What is Serotonin?


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Figure 5. Structure of Serotonin

Serotonin or 5-hydroxytrptamine (5-HT) is a monoamine neurotransmitter, which is biochemically derived from tryptophan (Schloss & Williams 1998). It is mainly found in the gastrointestinal tract and the central nervous system. In the CNS, serotonin has various functions, which includes the regulation of mood, appetite, temperature regulation, and sleep (Schloss & Williams 1998). It also has a minor function in some cognitive functions such as memory and learning. It has also been noted that it causes an inhibitory effect on the nervous system that generates feelings of general contentment and satiation (Ho 1999). Also, it does not only have a role in controlling physiological aspects of the body, it also has associations with behaviours such as aggression and sadness (Ho 1999). A lot of studies even showed that a deficiency with it is one of the factors that can trigger the development of anxiety and depressive disorders (Wurtman 2005).



Video 2. Serotonin Structure and Function

Role on Depression


Various studies have determined the relationship of serotonin related genes and the development of depression. A twin study by Meltzer et al. (1981) showed that the velocity of the serotonin uptake on patients with major depressive disorder (MDD) is lower compared to normal individuals; this study also stated that this characteristic is heritable because it was highly correlated among twins, especially among monozygotic twins. Subsequent studies also showed that the brain serotonin reuptake of individuals with MDD is relatively slower as compared to normal individuals (Wurtman 2005). This reduction or complete ablation of 5-HTT reuptake is an underlying neurobiological predisposition of depression because it causes an increase in serotonin levels in the synaptic cleft, which can lead to the downregulation of serotonin activity or the desensitisation of the binding of serotonin to its receptors (Rachalski et. al 2009).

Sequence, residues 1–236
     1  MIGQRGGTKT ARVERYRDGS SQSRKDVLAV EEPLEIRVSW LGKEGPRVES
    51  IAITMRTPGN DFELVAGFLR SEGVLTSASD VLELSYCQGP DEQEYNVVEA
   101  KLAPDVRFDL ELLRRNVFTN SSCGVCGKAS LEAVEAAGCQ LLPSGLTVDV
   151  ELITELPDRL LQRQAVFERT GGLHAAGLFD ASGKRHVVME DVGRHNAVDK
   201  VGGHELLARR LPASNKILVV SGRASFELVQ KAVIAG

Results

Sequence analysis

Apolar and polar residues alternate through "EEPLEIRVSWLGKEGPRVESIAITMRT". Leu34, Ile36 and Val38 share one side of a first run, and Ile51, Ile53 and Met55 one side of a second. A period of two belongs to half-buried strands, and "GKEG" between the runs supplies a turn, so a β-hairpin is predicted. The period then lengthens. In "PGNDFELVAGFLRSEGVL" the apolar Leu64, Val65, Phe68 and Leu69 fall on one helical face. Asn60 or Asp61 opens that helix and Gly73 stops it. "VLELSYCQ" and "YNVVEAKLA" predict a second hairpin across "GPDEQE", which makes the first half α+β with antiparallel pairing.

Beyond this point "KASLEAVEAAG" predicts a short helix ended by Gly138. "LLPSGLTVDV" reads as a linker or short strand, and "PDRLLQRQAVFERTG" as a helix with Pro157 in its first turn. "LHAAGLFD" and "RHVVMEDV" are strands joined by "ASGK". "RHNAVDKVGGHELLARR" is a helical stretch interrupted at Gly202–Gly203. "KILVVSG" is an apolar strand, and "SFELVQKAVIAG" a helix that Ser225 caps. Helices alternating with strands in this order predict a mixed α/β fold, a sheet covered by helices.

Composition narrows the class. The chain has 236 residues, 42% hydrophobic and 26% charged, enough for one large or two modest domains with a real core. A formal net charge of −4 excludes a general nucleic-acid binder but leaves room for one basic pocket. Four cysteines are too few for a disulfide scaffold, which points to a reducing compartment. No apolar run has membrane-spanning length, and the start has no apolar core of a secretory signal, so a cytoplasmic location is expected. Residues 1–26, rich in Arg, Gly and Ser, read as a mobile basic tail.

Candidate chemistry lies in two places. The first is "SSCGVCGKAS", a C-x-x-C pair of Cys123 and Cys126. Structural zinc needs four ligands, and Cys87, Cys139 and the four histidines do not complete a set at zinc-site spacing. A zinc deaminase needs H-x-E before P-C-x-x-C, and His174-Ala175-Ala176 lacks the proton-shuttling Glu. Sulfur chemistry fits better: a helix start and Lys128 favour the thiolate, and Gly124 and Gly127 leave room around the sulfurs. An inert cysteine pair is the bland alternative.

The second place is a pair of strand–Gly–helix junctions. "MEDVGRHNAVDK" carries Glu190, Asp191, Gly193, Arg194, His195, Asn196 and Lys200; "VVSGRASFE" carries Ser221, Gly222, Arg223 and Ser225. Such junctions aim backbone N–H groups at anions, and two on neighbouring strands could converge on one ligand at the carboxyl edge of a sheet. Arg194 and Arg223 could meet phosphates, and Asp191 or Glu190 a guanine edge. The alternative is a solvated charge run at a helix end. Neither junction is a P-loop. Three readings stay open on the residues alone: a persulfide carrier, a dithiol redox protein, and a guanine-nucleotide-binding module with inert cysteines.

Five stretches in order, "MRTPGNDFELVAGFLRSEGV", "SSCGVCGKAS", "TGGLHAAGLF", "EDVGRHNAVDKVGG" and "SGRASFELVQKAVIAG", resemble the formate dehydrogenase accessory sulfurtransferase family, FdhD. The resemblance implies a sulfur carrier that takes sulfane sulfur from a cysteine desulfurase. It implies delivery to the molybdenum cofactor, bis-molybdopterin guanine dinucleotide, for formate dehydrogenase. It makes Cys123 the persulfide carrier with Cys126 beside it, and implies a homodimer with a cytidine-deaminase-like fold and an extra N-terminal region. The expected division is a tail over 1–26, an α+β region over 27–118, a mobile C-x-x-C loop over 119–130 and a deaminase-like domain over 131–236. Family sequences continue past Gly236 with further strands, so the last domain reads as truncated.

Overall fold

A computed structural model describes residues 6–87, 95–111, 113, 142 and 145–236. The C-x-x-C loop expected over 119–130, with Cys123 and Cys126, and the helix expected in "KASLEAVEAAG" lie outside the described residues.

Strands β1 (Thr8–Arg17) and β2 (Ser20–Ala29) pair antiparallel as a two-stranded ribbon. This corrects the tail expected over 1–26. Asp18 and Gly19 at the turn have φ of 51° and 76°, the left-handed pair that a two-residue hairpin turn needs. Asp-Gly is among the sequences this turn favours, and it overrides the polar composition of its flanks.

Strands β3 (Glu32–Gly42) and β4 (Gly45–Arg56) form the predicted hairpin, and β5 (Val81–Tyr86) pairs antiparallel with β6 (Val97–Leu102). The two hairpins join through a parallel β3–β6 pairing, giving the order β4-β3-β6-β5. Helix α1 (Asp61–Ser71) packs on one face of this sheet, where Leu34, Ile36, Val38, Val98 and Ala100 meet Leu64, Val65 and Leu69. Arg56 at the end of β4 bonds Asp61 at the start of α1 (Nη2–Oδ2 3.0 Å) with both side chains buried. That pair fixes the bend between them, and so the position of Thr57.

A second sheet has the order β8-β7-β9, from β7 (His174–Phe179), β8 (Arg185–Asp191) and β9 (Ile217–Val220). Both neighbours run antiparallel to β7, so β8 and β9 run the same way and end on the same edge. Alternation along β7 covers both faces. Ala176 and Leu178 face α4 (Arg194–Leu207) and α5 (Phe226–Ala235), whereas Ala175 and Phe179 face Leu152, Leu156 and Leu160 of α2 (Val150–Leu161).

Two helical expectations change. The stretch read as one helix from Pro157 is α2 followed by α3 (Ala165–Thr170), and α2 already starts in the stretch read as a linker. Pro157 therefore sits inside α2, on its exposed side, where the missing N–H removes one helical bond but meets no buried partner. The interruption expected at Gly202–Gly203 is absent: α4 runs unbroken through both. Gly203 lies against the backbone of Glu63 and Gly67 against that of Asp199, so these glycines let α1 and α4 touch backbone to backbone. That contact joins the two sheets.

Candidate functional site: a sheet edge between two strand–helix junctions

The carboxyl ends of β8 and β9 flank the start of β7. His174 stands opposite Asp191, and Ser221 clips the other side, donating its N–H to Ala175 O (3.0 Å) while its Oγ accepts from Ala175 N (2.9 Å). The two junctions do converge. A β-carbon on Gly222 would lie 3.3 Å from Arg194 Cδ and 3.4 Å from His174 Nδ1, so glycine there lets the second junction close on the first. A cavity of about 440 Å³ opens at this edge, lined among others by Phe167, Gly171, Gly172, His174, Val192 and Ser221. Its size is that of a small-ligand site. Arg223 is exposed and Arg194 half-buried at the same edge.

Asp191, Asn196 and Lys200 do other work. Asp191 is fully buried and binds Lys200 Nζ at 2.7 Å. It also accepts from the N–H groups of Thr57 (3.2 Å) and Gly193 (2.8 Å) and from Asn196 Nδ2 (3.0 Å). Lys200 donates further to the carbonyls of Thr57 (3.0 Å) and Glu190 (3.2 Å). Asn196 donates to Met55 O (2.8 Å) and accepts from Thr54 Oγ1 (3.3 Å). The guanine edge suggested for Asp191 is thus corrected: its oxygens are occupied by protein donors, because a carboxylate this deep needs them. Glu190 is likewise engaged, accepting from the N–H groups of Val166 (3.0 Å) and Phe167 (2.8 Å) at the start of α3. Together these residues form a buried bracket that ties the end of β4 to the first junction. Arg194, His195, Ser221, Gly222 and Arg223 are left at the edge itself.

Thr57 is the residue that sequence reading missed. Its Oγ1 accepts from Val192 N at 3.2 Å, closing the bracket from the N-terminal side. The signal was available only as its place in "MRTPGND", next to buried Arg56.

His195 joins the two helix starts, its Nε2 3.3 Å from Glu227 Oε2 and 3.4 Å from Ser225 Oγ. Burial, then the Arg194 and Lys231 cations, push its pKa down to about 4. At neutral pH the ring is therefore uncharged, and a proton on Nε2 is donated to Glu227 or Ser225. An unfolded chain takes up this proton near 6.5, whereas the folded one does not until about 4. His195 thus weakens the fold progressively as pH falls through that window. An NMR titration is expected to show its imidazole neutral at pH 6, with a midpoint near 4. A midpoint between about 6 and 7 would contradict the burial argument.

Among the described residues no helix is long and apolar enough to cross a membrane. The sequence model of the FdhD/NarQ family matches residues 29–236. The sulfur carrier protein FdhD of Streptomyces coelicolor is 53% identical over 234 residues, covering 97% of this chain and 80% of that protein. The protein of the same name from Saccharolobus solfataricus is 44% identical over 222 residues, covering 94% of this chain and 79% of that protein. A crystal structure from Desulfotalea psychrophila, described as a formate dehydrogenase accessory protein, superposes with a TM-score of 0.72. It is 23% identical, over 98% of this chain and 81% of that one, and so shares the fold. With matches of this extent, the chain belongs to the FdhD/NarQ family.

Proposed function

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Figure 6. Changes in the SL6CA4 causes changes in the serotonin re-uptake velocity.

The most common genetic marker that causes low serotonin uptake in MDD patients is the serotonin transporter linked polymorphic region (5-HTTLPR), a region in the SL6CA4, which is the gene that codes for serotonin transporters (Ho 1999). It was found that defects in these gene locus could greatly affect the production as well as the speed of the reuptake of serotonin in the pre-synpaptic cell (Wurtman 2005). This changes in reuptake velocity is considered to be greatly associated with the development of depression (Wurtman 2005). For example, a study by Lyons-Ruth et al. (2007) showed that young adults with short 5-HTTLPR regions have greater tendencies to develop antisocial and depressive behaviours.


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